\begin{equation*}
2^{2^m}=\left(2^{2^n}\right)^{2^{m-n}}
\end{equation*}

Because of this, using Lemma 12.1.2 with \(j=2^n\) and \(k=2^{m-n}\) (which is certainly even), we get

\begin{equation*}
2^{2^m}-1=\left(2^{2^n}+1\right)\left(\left(2^{2^n}\right)^{2^{m-n}-1}-\left(2^{2^n}\right)^{2^{m-n}-2}+\cdots +\left(2^{2^n}\right)^1-1 \right)
\end{equation*}

This implies the divisibility relationship

\begin{equation*}
F_n=2^{2^n}+1\mid 2^{2^m}-1=F_m-2
\end{equation*}

so any number \(d\) that divides \(F_n\) also divides \(F_m-2\text{.}\) Now we do a standard trick (see also Exercise 2.5.6). Combine all of the above facts to see that any divisor of \(F_n\) which also divides \(F_m\) must divide \(F_m-(F_m-2)=2\text{,}\) so a common divisor of \(F_n\) and \(F_m\) could only be two or one.

But both Fermat numbers are odd, so the gcd must be 1.

Another early attempt at finding big primes was an idea of Marin Mersenne.

Mersenne was a Minim monk who not only acted as a clearinghouse for scientific knowledge in early 17th century France (particularly between Pascal^{ 2 }

, Fermat^{ 3 }

, Descartes^{ 4 }

, Roberval^{ 5 }

, and their friends) but also wrote major theological and music theoretical treatises of his own. See Figure 19.4.12.

`www-history.mcs.st-andrews.ac.uk/Biographies/Pascal.html`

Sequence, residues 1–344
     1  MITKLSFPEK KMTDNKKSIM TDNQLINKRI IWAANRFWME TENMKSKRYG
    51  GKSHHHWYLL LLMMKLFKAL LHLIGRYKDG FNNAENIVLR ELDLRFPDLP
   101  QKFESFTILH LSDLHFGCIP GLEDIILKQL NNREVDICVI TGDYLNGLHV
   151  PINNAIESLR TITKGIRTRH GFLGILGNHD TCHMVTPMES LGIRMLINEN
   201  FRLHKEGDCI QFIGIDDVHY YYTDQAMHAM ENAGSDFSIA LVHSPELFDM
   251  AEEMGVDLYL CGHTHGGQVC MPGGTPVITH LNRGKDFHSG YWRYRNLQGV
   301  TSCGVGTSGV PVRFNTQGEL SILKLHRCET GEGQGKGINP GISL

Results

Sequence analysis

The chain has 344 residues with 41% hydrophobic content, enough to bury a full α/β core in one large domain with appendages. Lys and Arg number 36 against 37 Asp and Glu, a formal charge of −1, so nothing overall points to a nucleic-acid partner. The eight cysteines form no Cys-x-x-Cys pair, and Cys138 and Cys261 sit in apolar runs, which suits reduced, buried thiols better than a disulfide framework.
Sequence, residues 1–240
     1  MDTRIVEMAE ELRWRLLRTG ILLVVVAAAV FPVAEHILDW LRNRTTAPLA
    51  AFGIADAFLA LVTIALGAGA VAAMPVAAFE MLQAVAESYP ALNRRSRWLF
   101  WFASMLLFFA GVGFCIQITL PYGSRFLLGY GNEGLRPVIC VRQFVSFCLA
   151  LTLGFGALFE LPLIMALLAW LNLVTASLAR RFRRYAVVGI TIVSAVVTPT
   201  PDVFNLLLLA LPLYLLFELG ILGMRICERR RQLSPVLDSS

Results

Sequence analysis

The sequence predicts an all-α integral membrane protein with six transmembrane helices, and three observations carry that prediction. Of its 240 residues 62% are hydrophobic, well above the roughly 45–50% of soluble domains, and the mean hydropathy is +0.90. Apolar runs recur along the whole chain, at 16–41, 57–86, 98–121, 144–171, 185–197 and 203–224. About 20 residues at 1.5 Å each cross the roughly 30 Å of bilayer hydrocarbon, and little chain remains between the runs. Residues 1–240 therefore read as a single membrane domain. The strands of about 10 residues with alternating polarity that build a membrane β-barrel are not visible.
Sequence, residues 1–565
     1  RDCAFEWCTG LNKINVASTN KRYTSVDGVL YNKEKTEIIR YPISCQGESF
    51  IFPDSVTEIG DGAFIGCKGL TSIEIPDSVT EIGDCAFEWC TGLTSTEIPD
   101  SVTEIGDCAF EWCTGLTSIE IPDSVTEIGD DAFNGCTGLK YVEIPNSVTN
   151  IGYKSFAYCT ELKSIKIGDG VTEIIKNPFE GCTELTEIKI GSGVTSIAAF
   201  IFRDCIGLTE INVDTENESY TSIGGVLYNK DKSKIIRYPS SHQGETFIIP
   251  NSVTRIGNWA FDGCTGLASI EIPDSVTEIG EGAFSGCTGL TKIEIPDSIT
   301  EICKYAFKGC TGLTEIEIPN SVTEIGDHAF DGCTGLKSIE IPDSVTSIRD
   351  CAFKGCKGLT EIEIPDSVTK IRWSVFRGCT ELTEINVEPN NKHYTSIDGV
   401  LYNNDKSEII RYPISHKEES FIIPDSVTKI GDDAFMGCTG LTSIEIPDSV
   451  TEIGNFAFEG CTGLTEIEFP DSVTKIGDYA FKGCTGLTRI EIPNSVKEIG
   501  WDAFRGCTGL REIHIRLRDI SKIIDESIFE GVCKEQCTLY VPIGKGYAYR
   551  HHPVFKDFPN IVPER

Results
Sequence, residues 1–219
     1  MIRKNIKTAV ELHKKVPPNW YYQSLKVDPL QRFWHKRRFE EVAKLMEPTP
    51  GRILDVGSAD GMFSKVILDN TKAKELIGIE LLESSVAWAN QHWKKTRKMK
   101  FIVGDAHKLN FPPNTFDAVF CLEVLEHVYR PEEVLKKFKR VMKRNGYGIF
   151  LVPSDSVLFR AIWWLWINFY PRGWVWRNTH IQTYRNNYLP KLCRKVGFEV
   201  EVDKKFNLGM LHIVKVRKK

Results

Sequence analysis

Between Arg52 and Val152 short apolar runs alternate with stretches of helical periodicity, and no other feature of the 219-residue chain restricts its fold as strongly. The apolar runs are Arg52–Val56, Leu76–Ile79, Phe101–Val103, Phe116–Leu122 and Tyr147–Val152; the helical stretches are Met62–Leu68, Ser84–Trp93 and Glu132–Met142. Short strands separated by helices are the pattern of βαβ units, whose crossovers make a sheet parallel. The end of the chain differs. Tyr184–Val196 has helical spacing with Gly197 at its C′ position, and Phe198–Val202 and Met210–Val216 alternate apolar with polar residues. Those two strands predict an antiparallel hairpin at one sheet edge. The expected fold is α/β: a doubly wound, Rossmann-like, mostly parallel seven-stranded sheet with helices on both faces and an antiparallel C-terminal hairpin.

`www-history.mcs.st-andrews.ac.uk/Biographies/Fermat.html`

`www-history.mcs.st-andrews.ac.uk/Biographies/Descartes.html`

`www-history.mcs.st-andrews.ac.uk/Biographies/Roberval.html`

Mersenne suggested^{ 6 }

that one try searching for primes of the form \(2^p-1\text{,}\) where \(p\) is itself prime.

For more on the precise nature of his suggestion, its provenance, and the ‘rule’ by which he seems to have tried to decide which of these numbers should be considered, see Stillman Drake’s article The rule behind ‘Mersenne’s numbers’ in Physis Volume 13, Number 4, and Vittorio Boria’s dissertation, Marin Mersenne: Educator of scientists (available at

`https://dra.american.edu`

).In general, numbers of the form \(M_n=2^n-1\) are called Mersenne numbers. If they are prime, they are called Mersenne primes.

Using a variant of Lemma 12.1.2 (see Exercise 12.7.2), it is not too hard to prove that if \(n\) is composite then \(M_n\) is too; see Exercise 12.7.7. Further, not every \(M_p\) for prime \(p\) is prime either; evaluate the following Sage cell to verify this.

Certainly the computation above doesn’t always give primes (recall for instance the discussion at the end of Subsection 7.5.2), but it’s not a bad source.

You can help the world search for more Mersenne primes if you leave your personal computer on and connected to the Internet, via the Great Internet Mersenne Prime Search^{ 7 }

(GIMPS). Random computers in labs at the University of Central Missouri and UCLA have found some of the largest known primes this way.

`www.mersenne.org`

The most recent one (as of this writing in May 2023) was found in December 2018^{ 8 }

! The largest known such primes are *very* large; this one has nearly twenty-five million digits, and the folks at Numberphile made a very amusing video^{ 9 }